Resetting a CLO may be challenging if the deal has experienced a significant decline in collateral market value. Under such circumstances, pricing the long-dated liabilities can become prohibitively expensive, especially at the mezzanine levels, regardless of otherwise favourable market conditions. The correlation between deal performance and market conditions is shown by the fact that 93.5% of reset deals were priced when the bid price of the Morningstar U.S. B/BB Ratings Loan Index was at 98 or higher.
Resets boost cumulative distributions
Table 1 (see above) presents the cumulative equity distributions for 570 equity tranches of reset CLO deals across various vintages. We also looked at the same metrics for non-reset deals as a counterpoint.
Slightly over three-quarters of the seasoned CLO equity tranches from the years 2012 to 2015 have already fully recovered at least 100% of their tranche notional. This means that many of these equity tranches will not be dependent on their final NAV to achieve a decent IRR.
Essentially, non-reset seasoned deals from 2012 to 2016 exhibited considerably poorer performance compared to their reset counterparts. Non-reset equity tranches from 2019 and 2020 also exhibited weaker performance. On the other hand, while the non-reset equity tranches from 2018 have demonstrated better cumulative and annual distributions than their reset counterparts, their success will greatly hinge on consistent, satisfactory annual distributions for an additional 1-2 years, as well as a favourable final net asset value (NAV).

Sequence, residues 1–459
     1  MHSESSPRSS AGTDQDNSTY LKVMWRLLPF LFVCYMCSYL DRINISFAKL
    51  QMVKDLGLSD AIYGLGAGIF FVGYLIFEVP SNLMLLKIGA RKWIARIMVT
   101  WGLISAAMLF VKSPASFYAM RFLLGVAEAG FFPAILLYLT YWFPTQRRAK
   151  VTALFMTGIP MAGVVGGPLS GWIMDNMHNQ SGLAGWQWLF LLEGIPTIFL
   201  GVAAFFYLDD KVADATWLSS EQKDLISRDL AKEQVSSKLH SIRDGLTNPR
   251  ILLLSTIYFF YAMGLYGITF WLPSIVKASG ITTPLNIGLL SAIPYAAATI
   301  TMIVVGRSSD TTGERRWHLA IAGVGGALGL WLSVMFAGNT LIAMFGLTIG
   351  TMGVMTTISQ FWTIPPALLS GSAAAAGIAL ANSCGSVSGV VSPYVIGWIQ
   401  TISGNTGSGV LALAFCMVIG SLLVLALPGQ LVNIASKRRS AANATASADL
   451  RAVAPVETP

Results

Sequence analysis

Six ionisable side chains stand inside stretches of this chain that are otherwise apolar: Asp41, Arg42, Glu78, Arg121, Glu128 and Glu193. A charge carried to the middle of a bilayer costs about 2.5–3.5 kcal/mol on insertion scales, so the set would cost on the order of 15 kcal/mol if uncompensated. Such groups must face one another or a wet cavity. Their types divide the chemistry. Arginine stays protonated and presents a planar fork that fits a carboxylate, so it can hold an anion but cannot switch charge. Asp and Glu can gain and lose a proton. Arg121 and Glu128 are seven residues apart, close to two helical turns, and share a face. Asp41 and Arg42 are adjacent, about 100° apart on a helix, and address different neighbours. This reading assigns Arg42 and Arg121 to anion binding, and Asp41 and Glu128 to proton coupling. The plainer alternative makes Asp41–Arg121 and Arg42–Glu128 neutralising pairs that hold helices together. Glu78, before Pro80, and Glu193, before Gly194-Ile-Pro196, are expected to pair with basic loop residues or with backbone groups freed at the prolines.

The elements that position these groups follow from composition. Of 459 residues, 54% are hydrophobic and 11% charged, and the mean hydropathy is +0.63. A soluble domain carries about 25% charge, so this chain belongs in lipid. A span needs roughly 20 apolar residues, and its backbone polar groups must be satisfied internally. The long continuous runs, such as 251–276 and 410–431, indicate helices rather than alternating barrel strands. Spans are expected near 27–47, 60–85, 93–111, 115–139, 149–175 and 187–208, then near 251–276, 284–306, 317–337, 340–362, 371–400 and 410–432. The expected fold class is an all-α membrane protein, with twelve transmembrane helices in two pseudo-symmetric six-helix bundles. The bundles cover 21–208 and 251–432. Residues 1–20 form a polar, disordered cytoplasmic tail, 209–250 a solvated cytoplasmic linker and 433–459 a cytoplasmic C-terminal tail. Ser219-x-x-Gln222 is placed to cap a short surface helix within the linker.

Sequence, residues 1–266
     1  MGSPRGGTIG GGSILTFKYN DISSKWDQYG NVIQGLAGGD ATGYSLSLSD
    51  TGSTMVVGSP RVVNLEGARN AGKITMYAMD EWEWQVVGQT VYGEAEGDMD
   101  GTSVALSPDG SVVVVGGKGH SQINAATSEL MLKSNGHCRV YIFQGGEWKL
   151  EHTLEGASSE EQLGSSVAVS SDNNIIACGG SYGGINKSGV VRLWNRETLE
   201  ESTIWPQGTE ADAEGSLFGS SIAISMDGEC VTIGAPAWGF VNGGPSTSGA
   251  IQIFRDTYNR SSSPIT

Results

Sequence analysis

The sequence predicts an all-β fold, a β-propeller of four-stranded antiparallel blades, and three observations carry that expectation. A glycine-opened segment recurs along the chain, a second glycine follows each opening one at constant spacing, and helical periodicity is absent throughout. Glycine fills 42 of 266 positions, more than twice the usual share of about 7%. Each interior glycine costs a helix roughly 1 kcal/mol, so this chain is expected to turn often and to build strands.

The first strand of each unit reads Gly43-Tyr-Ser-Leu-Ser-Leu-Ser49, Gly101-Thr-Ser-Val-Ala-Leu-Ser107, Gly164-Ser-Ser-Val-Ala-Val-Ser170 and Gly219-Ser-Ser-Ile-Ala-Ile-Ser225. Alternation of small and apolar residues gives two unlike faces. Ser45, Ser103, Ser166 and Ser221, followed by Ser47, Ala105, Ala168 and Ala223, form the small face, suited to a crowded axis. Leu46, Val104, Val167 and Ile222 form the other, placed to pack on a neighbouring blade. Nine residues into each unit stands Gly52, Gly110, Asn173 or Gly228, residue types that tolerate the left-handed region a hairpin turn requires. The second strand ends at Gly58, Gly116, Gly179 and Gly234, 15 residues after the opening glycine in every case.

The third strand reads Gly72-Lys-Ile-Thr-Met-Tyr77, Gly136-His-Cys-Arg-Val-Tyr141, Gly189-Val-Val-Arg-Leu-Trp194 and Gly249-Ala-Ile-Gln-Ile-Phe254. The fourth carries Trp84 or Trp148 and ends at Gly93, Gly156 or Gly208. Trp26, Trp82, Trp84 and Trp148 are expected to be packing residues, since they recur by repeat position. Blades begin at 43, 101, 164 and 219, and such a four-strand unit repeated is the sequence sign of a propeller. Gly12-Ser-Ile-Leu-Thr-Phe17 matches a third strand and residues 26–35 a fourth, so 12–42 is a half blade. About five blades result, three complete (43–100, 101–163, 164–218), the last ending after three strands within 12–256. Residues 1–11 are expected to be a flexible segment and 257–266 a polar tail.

Importance of equity distributions
The chart (above) shows annualised distributions of reset equity tranches by vintage.
For older deals, the median annual distributions were largely in the 12-13% range. However, the median 2015 vintage deals stood out with an impressive 14.1% distribution. The reasons for this outperformance include, first, that the 2015 deals utilised fewer class X tranches, and secondly, that the 2015 deals saw a large first distribution.
One example from that vintage is York CLO-1, which was called recently. Given its outstanding annual distribution of 16.3%, which places it among the top quartile for 2015 vintage reset deals, it’s final equity NAV (which is likely to be in the low-30s), did not prevent it scoring a final IRR of at least 12.0%.
*As of 31 July 2023
Interestingly, 2020 vintage CLO equity tranches have reported the highest annual distributions. In general, par distribution, including par release upon reset, has significantly boosted them. And the current high interest-rate environment is expected to bode well for future distributions.